Emma’s mother is one of the most generous, tender-hearted people I know. I would imagine her childhood was filled with controlling friends who never treated her the way she treated them. So now when she sees her daughter losing the battle to play queen, all of her own leftover hurt rises up and she thinks, “That’s what my precious child is feeling.”

She panics and that anxiety obscures important details. Details like, none of this is real. Neither child deserves to be queen over the other. Both girls have the lung capacity and intellectual savvy to fight for themselves. Most importantly, this is their game and they don’t need us.

While the kids should figure it out themselves, their parents shouldn’t be fighting over it, too. When our empathy for our kids is in overdrive and we’re sick with the memories of our own childhood pain, it’s easy to forget a very simple truth: We all love our kids more than we love each other’s kids. When you ask your friend to take your child’s side, you’re asking them to turn on their own child.

After speaking to other mothers I’ve learned many have a different approach. They stand up for their kid, endure the rest of the visit, and never pursue a friendship with that family again. All of this over an argument could have been nothing more than fight between kids over who gets to pretend to be Spiderman, who gets to wear the tiara, who has to play the teacher, and who has to play the student. This fight would have done little more than helped teach those kids the interpersonal skills of problem solving, compromise, standing up for themselves, or learning to stand down.

The thing about giving our kids opportunities to learn these skills, instead of using them as opportunities to rewrite our own childhood traumas, is that they really need them. Nobody wins when we co-opt the experience in order to calm our own neuroses.

It’s hard to watch our kids walk all over each other or watch them continuously get walked over. But wouldn’t you rather your child find their voice when they’re demanding their friend let them ride their own bike versus when they’re telling their drunk friend not to drive home?

What better time for our children to learn than now – when the stakes are low and we’re right out in the living room sitting on the couch?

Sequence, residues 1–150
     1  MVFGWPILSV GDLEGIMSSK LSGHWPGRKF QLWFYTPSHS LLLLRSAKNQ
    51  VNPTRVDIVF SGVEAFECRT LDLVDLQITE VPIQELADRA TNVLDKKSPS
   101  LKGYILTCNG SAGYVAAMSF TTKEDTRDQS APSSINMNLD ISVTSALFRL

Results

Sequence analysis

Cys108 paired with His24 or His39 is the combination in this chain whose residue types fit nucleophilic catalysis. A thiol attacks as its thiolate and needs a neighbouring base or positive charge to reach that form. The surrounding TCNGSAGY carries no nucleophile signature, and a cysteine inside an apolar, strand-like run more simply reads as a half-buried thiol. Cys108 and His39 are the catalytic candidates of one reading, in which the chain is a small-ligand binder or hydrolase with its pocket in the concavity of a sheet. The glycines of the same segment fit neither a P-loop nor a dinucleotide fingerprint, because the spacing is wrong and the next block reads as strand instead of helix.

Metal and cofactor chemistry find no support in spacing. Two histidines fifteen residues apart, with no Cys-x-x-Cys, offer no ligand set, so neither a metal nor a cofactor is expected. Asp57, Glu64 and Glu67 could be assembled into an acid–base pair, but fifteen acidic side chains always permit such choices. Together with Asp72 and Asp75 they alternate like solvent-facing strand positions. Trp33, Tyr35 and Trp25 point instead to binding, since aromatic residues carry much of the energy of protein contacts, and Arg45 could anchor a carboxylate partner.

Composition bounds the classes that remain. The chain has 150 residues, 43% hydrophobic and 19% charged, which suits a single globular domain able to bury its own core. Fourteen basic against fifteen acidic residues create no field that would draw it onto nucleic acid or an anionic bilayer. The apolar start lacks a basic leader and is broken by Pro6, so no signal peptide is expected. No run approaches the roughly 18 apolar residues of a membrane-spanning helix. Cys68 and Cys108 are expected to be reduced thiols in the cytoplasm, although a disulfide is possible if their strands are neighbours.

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We spend a lot of time prepping for the arrival of a baby. But when it comes to the arrival of our breast milk (and all the massive adjustments that come with it), it's easy to be caught off guard. Stocking up on a few breastfeeding essentials can make the transition to breastfeeding a lot less stressful, which means more time and energy focusing on what's most important: Your recovery and your brand new baby.

Here are the essential breastfeeding tools you'll need, mama:

1. For covering up: A cute nursing cover

First and foremost, please know that all 50 states in the United States have laws that allow women to breastfeed in public. You do not have to cover yourself if you don't want to—and many mamas choose not to—and we are all for it.

That said, if you do anticipate wanting to take a more modest approach to breastfeeding, a nursing cover is a must. You will find an array of styles to choose from, but we love an infinity scarf, like the LK Baby Infinity Nursing Scarf Nursing Cover. You'll be able to wear the nursing cover instead of stuffing it in your already brimming diaper bag—and it's nice to have it right there when the baby is ready to eat.

Also, in the inevitable event that your baby spits-up on you or you leak some milk through your shirt, having a quick and stylish way to cover up is a total #momwin.

2. For getting comfortable: A cozy glider

Having a comfy spot to nurse can make a huge difference. Bonus points if that comfy place totally brings a room together, like the Delta Children Paris Upholstered Glider!

Get your cozy space ready to go, and when your baby is here, you can retreat from the world and just nurse, bond, and love.

3. For unmatched support: A wire-free nursing bra

It may take trying on several brands to find the perfect match, but finding a nursing bra that you love is 100% worth the effort. Your breasts will be changing and working in ways that are hard to imagine. An excellent supportive bra will make this so much more comfortable.